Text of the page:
In today’s segment, Jane identifies support for California’s advanced clean car standards as a major issue for her organization.  Even while budget issues seem to dominate the news, the ALAC’s goal is to help protect both the quality of our air and California’s leadership position in enacting air quality standards.

A recent development:  A major commitment toward cleaner air was recently announced by the state Air Resources Board.  A groundbreaking cap and trade system to curb industrial pollution has been adopted.

Our conversation with Jane concludes next week, so be sure to log on.

Cleaning up the air up there

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Education is the key to affecting action, and Jane Warner, President of the American Lung Association of California, has plenty of fuel for action.  The organization’s web site is full of articles on the national level as well as information specific to California.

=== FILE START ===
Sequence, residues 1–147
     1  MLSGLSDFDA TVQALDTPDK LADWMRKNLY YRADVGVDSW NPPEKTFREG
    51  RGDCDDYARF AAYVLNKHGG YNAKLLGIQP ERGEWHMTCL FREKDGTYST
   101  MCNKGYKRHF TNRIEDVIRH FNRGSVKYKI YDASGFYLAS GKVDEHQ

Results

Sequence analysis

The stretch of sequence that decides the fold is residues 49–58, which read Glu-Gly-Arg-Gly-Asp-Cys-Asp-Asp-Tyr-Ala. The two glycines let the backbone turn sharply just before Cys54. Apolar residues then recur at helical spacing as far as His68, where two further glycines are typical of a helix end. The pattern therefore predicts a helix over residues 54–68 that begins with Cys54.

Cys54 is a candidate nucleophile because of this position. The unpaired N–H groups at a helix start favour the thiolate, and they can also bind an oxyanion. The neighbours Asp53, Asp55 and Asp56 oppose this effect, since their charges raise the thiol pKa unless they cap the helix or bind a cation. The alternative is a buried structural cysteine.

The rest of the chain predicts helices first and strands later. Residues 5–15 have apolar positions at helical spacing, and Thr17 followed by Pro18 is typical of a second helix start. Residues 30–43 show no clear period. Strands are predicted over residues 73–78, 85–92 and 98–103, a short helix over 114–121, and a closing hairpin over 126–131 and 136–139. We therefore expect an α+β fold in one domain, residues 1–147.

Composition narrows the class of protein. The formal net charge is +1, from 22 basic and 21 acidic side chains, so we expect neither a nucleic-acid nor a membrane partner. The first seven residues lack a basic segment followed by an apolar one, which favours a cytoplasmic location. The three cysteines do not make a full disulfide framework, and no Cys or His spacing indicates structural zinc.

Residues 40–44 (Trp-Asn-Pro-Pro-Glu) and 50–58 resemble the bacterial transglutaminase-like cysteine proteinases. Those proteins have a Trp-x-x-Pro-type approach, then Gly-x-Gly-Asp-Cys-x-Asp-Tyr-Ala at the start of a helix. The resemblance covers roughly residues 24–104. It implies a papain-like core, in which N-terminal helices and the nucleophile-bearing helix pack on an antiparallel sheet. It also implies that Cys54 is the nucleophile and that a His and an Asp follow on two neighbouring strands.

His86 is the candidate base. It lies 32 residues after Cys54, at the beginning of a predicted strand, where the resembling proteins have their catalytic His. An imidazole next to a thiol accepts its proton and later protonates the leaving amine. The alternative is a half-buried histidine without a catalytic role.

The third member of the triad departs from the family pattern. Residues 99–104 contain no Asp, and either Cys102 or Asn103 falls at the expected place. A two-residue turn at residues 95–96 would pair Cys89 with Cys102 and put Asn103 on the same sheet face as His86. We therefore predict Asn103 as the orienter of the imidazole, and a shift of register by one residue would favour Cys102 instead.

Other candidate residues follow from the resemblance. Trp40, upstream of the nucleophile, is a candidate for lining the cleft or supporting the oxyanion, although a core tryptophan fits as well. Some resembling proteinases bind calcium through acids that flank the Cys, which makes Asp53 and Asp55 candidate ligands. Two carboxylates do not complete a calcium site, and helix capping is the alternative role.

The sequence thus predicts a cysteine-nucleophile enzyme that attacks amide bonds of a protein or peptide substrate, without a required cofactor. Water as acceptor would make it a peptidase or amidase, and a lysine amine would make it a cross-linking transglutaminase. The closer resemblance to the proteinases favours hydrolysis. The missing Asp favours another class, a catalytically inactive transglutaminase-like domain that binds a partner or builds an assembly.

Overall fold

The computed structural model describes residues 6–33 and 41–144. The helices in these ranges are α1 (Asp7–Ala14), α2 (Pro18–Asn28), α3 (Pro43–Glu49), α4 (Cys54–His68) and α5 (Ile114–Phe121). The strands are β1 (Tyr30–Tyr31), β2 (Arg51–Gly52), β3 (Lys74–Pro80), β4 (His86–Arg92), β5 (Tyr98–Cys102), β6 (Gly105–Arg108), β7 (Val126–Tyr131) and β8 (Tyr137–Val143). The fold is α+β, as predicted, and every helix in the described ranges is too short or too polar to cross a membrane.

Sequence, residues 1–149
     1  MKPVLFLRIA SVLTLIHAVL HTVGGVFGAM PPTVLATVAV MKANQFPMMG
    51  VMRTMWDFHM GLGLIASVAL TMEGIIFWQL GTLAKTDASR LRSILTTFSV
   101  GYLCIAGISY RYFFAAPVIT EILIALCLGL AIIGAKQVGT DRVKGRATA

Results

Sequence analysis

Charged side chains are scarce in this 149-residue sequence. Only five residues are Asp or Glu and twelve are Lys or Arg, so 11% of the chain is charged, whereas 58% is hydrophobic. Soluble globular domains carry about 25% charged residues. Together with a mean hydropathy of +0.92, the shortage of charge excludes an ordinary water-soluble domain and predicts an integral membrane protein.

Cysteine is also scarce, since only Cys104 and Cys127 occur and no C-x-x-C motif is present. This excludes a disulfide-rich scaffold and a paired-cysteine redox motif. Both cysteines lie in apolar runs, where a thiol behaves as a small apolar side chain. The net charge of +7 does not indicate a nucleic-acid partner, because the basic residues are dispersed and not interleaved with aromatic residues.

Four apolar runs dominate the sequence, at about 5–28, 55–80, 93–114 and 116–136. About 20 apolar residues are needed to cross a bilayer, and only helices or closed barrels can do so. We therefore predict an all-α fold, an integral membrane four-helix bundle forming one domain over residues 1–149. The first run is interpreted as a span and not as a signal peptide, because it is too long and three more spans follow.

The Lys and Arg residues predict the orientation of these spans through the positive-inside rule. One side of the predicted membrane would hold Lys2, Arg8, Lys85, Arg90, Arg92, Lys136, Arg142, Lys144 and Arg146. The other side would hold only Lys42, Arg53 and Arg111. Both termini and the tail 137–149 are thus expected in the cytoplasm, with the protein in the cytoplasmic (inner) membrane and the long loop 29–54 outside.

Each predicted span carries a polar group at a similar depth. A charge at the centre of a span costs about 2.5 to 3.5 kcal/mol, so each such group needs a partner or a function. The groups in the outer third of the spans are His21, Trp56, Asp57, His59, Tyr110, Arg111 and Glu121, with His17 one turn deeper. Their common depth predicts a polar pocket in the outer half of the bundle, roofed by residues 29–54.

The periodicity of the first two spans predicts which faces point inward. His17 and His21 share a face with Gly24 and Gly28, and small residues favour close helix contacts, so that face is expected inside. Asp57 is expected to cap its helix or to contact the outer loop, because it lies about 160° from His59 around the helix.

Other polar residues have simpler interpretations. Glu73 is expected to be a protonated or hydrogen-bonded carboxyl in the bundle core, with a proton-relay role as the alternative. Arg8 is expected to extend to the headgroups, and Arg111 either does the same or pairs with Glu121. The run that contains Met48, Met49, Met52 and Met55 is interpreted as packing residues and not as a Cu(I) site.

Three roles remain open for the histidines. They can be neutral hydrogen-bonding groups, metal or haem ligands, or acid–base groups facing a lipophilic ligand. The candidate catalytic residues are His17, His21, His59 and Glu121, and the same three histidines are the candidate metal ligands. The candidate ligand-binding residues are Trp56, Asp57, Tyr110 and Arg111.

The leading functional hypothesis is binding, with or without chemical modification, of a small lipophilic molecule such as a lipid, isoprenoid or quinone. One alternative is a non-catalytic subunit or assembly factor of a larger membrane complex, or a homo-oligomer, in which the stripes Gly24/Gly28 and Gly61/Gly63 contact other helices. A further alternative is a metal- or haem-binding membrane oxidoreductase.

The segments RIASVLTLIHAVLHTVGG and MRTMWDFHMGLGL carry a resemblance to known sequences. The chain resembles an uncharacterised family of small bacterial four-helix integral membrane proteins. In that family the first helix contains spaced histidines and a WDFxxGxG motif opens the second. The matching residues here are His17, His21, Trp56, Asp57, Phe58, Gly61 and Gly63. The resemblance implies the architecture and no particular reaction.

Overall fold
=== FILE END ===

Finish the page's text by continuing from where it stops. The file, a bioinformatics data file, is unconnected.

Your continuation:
Speaking of the Golden State, Jane reports that our efforts to control greenhouse gas emissions are having an impact.  Ozone in the Los Angeles area has been reduced 25% over the last 10 years!

Better air, better health

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Jane Warner, President and CEO of the American Lung Association of California, has been an ardent follower of green technology—because she can see how innovation in the field of environmentally friendly products directly affects the health of Americans.

While visiting the Pacific Coast Builders Conference, Jane was especially interested in the new flooring products, because as she explains it, the youngest members of any household spend a lot of time in contact with the rugs and flooring. With the extended recession creating more multi-generational households, she sees many couples concerned not just with the health of their children, but of their parents as well. All of the construction materials that impact the air quality inside a home—from the paint on the walls, to the pad under the carpeting to the sealer on the wood cabinetry—now have alternatives that help create cleaner air.